Wednesday, May 20, 2015

THE ROSIE PROJECT by Graeme Simsion

Don Tillman is a genetics professor in Australia who appears to have an autism spectrum disorder.  Since married men are generally more successful than single men, he embarks on the “Wife Project” and devises a questionnaire for potential marital partners.  Meanwhile, his philandering buddy Gene sends a student named Rosie to meet Gene, and they hit it off, despite Rosie’s obvious unsuitability as a mate, in Gene’s estimation.  You can guess the rest.  The “Father Project” is the activity which binds this pair together, as Don and Rosie surreptitiously gather DNA samples in an effort to out Rosie’s real father.  This exercise has the expected outcome as well and introduces us to a swarm of characters that I found difficult to differentiate.  Unlike me, Don has a near-perfect memory that serves him well, especially when he and Rosie bartend at a class reunion attended by most of the candidates for the Father Project.  Don has memorized the recipes for myriad obscure cocktails, delighting the crowd with his expertise.  Obviously, Don is high-functioning, despite his social disability, which only seems to manifest itself at the most inopportune times.  Gene’s long-suffering wife Claudia takes on the task of mentoring Don in appropriate dress and behavior, with mixed results.  Don narrates the story with the expected nerdy-sounding voice, and I enjoyed seeing the world through his eyes, with his reactions to it.  His literal interpretation of various figures of speech provides the primary source of chuckles as I breezed through this book.  I would rate it as a pretty good summer beach read, and I can already envision it as a run-of-the-mill rom-com movie, unless the casting is particularly inspired.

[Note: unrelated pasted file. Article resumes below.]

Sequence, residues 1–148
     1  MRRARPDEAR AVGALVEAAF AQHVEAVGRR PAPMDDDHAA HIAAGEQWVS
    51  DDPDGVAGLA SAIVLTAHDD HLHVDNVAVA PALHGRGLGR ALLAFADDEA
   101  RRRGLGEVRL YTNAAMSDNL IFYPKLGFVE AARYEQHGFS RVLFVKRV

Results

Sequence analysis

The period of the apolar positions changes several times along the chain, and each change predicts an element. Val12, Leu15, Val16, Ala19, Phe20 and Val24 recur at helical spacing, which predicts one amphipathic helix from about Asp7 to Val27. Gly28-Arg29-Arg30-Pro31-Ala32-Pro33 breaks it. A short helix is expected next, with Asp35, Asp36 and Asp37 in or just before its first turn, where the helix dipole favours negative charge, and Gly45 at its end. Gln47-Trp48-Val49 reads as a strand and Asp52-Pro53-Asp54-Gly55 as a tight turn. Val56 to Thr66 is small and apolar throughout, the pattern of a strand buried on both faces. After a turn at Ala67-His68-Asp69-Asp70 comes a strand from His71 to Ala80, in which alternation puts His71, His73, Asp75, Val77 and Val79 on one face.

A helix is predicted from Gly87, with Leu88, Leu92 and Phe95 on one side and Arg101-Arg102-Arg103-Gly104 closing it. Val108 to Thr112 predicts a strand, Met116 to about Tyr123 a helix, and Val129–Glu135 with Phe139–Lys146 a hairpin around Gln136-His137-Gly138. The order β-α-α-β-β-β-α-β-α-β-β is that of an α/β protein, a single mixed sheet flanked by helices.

Wednesday, May 13, 2015


I am usually a little put off when an author inserts herself into her novel, but here it seems to work.  Ruth (in the novel) is experiencing writer’s block when a plastic bag washes onto the shore near her home in British Columbia.  In the bag is the diary of a 16-year-old Japanese girl, Nao (pronounced “now” to go along with the time-related themes here), and Ruth becomes obsessed with Nao’s story, surmising that the tsunami of 2011 propelled the diary across the Pacific.  We alternate between Nao’s story and Ruth’s reaction to it.  Nao lived in Sunnyvale, CA, until her father lost his high tech job during the dot-com meltdown.  Now Nao and her family have returned to Japan, where Nao is having to adapt to Japanese school and suffers cruel bullying from her classmates, while the teachers look the other way or even join in the harassment.  Nao’s father’s self-esteem has reached rock-bottom, rendering him suicidal, and Nao figures that she may as well end her life, too.  Her great-uncle, a scholar drafted during WWII at the age of 19, died in a kamikaze mission, and Nao meets his ghost while visiting her great-grandmother.  At this point, supernatural events start to seep into the plot, leaving me a little less enthralled.  The author juggles a lot of themes here, but what really captured my attention was the unflattering picture she paints of Japanese society.  The novel Unbroken comes to mind, as well as The Distant Land of My Father, both of which recount the deplorable acts of the Japanese military during WWII, and this novel touches on that but brings us more up to date with what’s happening in civilian life today—suicides, teenaged prostitutes, internet hazing, and teachers complicit in bullying.  We’re obviously not immune to these problems, along with mass shootings and police brutality, here in the U.S., and I have to wonder how prevalent these issues are in Japan.  Are they limited to Tokyo?  The cover-up of what really happened at Fukushima nuclear power plant is particularly unsettling.  Did regulators really allow the dumping of tons of radioactive water into the Pacific Ocean?  Maybe the water just leaked out—shades of the Exxon Valdez and the BP Gulf disaster.  In any case, Ozeki seemingly presents us with a cultural mindset that everything is OK, even when it’s not.

Wednesday, May 6, 2015

THE DOVEKEEPERS by Alice Hoffman